Frustratingly, some areas actually seemed designed to highlight the some of the more aggravating control functions. In order to execute the somersault jump in order to clear some of the longer jumps – your ninja’s standard jumping skills are otherwise pretty weak – you need to press jump and then hit jump again in mid-air. The problem is, you need to hit the second jump before the apex of your leap, otherwise the somersault won’t work. For many of the more irritating jumps, this can lead right to an ugly death. Ironically, this is the same problem that affected the 16-bit Shinobi games, although the controls feel even touchier here, especially since it’s way too easy to overshoot platforms when jumping.

Even when it’s not tossing annoying platforming challenges at you, Hagane can be pretty difficult. Enemies pop up everywhere, and you absolutely need to be on your toes at all times. You walk quickly, and the screen scrolls even quicker, so it takes a little while to get used to the pacing. Even the measliest of foes take multiple hits to destroy, so even the morons that charge blindly forward can be deadly if you don’t swing your sword fast enough. The screen can get pretty busy too, because it tends to throw at lot out at once. Once you get used to its pacing, though, it becomes much easier to handle. Although the enemy placement is somewhat haphazard, and sometimes a bit unfair, it’s rarely unmanageable. The copious amount of health power-ups and screen-cleaning magic spells help to even out things too. It’s still a bit unforgiving though. By default, you can only take three hits, although you can expand your life bar to five with certain power-ups. However, this all disappears when you die. Most levels don’t even have checkpoints either, and running out of lives will force you to start at the beginning of the chapter. At least the stages themselves are pretty short.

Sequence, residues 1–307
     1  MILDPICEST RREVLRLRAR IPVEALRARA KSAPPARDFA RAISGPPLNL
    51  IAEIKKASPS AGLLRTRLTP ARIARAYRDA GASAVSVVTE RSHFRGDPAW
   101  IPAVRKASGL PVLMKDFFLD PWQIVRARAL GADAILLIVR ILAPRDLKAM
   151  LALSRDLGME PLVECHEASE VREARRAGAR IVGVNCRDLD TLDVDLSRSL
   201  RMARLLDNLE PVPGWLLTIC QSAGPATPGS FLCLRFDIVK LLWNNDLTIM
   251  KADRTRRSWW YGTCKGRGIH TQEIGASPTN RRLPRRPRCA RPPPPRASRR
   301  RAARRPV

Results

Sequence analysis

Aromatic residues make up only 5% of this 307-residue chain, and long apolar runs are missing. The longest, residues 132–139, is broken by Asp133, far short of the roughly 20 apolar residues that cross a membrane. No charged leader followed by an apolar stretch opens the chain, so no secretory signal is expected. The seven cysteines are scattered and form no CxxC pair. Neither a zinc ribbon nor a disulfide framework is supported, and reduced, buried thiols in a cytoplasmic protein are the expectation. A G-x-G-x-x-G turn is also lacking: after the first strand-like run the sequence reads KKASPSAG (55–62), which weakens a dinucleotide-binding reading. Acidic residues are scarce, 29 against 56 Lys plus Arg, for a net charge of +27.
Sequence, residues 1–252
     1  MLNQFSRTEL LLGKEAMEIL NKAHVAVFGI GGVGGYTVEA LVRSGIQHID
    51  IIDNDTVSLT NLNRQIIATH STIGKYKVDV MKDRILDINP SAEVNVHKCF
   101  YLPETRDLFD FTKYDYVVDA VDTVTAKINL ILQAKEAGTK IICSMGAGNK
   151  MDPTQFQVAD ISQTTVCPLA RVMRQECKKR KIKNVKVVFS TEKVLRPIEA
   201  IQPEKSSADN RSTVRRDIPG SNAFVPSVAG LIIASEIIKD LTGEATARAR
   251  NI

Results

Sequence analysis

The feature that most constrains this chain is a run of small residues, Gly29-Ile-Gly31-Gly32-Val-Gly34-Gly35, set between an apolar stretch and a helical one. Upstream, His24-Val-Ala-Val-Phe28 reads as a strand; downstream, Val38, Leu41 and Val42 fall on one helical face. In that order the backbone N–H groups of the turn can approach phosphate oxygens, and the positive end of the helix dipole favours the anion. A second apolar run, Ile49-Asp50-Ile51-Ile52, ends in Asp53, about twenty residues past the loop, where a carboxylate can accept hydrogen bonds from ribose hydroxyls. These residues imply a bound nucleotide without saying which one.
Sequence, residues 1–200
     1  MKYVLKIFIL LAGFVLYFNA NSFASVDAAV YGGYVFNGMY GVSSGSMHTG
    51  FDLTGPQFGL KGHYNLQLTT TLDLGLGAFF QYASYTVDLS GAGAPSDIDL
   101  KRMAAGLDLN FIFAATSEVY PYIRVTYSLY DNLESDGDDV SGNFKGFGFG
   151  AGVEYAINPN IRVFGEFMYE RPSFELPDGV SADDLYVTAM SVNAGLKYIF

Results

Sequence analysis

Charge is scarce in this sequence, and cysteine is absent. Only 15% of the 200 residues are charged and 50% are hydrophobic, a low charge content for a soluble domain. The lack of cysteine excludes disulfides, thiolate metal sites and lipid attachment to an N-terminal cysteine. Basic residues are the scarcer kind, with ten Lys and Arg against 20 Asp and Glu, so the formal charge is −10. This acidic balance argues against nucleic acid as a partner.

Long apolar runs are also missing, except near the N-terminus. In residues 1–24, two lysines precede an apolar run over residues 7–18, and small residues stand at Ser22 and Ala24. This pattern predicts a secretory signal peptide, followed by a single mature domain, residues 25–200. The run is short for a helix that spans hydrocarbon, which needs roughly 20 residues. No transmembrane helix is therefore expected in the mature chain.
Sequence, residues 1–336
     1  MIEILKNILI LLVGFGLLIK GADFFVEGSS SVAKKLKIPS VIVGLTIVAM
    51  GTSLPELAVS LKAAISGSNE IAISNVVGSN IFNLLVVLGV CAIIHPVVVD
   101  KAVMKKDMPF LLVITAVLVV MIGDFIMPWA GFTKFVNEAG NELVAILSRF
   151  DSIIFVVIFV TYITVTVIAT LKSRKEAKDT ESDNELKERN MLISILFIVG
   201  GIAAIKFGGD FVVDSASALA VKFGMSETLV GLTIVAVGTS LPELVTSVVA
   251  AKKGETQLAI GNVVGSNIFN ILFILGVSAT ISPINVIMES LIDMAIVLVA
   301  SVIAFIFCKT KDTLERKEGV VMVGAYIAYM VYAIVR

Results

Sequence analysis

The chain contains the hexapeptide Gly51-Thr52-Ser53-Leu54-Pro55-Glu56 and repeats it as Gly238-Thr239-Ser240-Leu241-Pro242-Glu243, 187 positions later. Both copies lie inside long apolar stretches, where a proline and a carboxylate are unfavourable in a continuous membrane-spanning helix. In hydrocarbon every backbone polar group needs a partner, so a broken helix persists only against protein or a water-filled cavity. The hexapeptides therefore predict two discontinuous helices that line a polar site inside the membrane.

Despite some of haphazard level design, Hagane is just as inventive as its spiritual predecessors when it comes to cool setpieces. There are tons of boss fights – several mini-bosses, and a major one at the end of each level. In one stage, you hop on a hovercraft and maneuver through an exploding ship, which rotates around you in the only use of Mode 7 throughout the entire game. The area ends with a battle against a flying girl who transforms into some kind of wolf, who later grows a huge Medusa-like tail. Unfortunately, even some of these elements are frustrating. One of the final areas is an upward vertically scrolling arena, with spikes that follow you up as you ascend, Castlevania III-style. But they don’t crawl up slowly – no, they pounce upward, almost erratically, crushing your hapless ninja unless you get all of the jumps perfectly.

While it’s not up to the level of the ninja action classics, Hagane is still a pretty damn fun game. With some extra care, the enemy placement would be more cohesive, the level designs less aggravating, and the extra skills wouldn’t have seemed as useless. Still, as long as you’ve got a sense of patience for its idiosyncrasies, it’s definitely worthwhile as a forgotten SNES almost-treasure. 

That reputation, combined with its last release and low sales, have turned Hagane into an extremely expensive title. There have even been rumors that the game was exclusive to rental stores, but given that there are many cartridges in the wild lacking the obnoxious rental stickers, it seems like it was released at retail, though perhaps not in large quantities.